Services (Prelims) Examination Special
Quick Revision Notes
Empire - II (Indian History)
A week after Akbarâ€™s death, Salim succeeded
to the throne of Agra and assumed the title of Nur-ud-din
Mohammed Jahangir Padshah (Emperor) Ghazi
Five months after his accession to the throne,
Jahangir faced rebellion by his son Khusrav.
The Prince and his
troops were defeated by the Mughal army near Jalandhar
and Khusrav was captured alongwith his principal
followers, Husain Beg and
The fifth Sikh Guru, Arjan
Dev was sentenced to death
by Jahangir for helping Prince Khusrav with a sum of money.
The execution of Guru Arjan Dev estranged the Sikhs,
till then a peace-loving community, and turned them into
foes of the Mughal Empire.
In May 1611, Jahangir married Noor
Jahan, originally known
as Mihir-ul-nisa. The
emperor, who styled himself Nor-ud-din, conferred
on his new wife the title of Noor Mahal (Light of
the palace), which was soon changed to Noor Jahan
(Light of the world). She was the daughter of Mirza
Ghiyas Beg, a Persian adventurer.
Jahangir was known to have had several secret
love affairs with the ladies of the court. One
famous love of Jahangir was Anarkali,
for whom he raised a beautiful marble
tomb at Lahore.
The most distinguished triumph of Mughal
imperialism during the reign of Jahangir was its victory
over the Rajputs of Mewar.
In the Deccan, war dragged on throughout his
reign against the kingdom of Ahmadnagar. The
kingdom of Ahmadnagar was then served by its
Abyssinian minister Malik Ambar, one of the
greatest statesmen that Medieval India produced.
A partial success was gained by Mughals in
1616, when Prince
Khurram captured Ahmadnagar and some other
strongholds. For this victory Khurram was rewarded by
his father with the title of Shah Jehan (King
of the world).
The first serious disaster of the Mughal empire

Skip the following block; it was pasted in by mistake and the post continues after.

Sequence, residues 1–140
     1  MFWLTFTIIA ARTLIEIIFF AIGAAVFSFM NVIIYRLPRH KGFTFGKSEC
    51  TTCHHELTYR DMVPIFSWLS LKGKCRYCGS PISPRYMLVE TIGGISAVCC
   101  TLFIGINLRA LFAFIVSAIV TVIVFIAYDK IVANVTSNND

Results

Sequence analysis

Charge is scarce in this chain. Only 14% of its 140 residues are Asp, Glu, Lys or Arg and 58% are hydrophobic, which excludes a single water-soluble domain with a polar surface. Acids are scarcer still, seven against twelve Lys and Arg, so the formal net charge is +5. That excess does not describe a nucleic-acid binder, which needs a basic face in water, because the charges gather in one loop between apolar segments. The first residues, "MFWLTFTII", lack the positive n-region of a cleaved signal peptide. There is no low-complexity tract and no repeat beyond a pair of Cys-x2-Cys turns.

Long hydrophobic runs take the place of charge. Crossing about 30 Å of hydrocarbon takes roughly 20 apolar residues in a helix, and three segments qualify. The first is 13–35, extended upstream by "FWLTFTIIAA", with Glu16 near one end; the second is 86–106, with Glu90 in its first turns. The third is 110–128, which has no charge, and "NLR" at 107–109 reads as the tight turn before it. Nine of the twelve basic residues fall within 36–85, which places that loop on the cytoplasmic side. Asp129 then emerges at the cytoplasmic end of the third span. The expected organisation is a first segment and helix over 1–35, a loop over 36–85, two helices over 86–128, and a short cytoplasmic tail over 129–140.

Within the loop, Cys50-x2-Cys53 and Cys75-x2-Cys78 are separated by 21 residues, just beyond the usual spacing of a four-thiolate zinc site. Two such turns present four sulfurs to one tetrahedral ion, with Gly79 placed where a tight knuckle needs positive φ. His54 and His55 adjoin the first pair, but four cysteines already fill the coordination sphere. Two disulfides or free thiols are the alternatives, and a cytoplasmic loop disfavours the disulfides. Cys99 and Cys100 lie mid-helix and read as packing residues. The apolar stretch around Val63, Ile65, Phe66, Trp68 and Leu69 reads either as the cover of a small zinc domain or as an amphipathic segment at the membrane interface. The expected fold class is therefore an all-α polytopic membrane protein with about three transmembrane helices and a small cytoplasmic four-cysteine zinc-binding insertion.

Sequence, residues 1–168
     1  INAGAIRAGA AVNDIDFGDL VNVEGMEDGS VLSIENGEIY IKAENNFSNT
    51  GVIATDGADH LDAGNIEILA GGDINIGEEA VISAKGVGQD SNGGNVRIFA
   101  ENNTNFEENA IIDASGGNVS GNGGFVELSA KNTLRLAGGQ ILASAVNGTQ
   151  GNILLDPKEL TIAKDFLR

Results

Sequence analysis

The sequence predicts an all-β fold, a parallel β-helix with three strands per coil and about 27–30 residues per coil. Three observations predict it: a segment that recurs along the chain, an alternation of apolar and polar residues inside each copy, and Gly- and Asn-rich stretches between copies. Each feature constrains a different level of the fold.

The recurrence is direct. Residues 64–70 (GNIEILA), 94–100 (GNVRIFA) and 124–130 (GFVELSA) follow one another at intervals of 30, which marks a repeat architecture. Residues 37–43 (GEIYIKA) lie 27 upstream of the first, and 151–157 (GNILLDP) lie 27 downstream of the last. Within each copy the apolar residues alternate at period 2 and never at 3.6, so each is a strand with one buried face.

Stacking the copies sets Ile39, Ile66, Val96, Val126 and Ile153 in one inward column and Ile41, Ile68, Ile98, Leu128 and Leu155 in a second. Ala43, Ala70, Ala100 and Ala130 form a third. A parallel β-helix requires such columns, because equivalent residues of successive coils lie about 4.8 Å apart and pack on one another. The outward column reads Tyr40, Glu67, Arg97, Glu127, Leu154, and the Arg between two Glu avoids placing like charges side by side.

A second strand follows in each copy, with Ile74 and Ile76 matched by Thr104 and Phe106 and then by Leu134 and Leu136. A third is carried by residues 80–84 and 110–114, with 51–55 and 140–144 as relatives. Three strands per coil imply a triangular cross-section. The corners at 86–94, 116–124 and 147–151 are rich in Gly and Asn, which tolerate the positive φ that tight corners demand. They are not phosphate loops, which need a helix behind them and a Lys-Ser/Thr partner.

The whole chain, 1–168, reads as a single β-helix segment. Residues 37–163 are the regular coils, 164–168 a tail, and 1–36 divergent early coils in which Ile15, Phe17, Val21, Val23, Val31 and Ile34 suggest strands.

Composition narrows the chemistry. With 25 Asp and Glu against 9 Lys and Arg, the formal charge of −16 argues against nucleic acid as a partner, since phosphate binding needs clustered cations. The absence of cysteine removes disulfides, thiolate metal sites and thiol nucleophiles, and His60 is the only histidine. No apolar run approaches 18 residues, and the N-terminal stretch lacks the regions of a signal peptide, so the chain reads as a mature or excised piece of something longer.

during the reign of Jahangir was loss of Kandhar.
Deceiving the Mughal officers by gifts, Shah
Abbas, one of the greatest rulers
of Asia in his time, besieged Kandhar in 1621, and finally
took it in June 1622.
Shah Jehan revolted against Jahangir with help
of Abdur Rahim Khan-i-Khanan, an officer in
the Mughal court. He was, however, defeated by
Mughal forces led by Mahabat Khan, at
Balochpur, near Delhi, in 1623. Shah Jehan was then
chased from province to province and finally, in
1625, he reconciled with his father and retired to Nasik with
his wife Noor Jahan, a niece of Mumtaz Mahal, and youngest
son Murad. His other sons, Dara Shikoh and
Aurangzeb, were sent to the imperial court,
probably to serve as hostages to ensure his good
The success of Mahtab
Khan excited the jealousy of Noor
Jahan and this hostility drove him to rebellion. Mahtab Khan
took Jahangir as prisoner on the banks of Jhelum, while
the emperor was on his way to Kabul. However, Jahangir
managed to escape from prison and went to Rohtas
where troops loyal to him had collected in a large force.
Mahtab Khan ultimately made peace with Jahangir, but this
triumph remained short-lived as Jahangir died on October
27, 1627. His body was buried in a beautiful tomb at Shahdara,
near Lahore, on the banks of Ravi.
Jahangir had a Chain
of Justice, bearing sixty bells,fastened
between the Shah Bhurj in
the Agra fort and a post on the road, near the bank
of Yamuna. The chain could be shaken by the
humblest of his subjects to bring their grievances
to his notice.
(Memoirs of Jahangir) is a brilliant
proof of his literary attainments.
Himself a painter, Jahangir was a patron of art
and literature and a lover of nature.
Jahangir made no departure from his fatherâ€™s
policy of admitting Hindus to the higher public
service. Man Singh, Kalyan Singh, son of Todar Mal,
and Vikramadit were three Hindu
governors during his reign.
Jahangir also tried to control the practice of sati
among Hindus. He passed orders that Hindu widows should
not be compelled to become sati
without his governmentâ€™s permission.
He also tried to put a stop to female infanticide.
Jahangir was fond of the company of the
Vaishnava leader Jadurup
and held many discussions with him at Ujjain
and Mathura, as a result of which he came to the conclusion that
Hindu Vedanta and Muslim sufism were almost identical.
Jahangir was usually liberal and tolerant
towards all religions, but at times sanctioned
repressive measures against Muslim heretics. Shaikh
Rahim of Lahore, who was a
religious leader of a sect, was imprisoned in the fortress of Chunar.
Qazi Nurullah was put to death on account of being
a notable Shia writer. Shaikh Ahmad Sarhindi was
imprisoned in the fortress of Gwalior, but was released
later and sent back to Sarhind with gifts.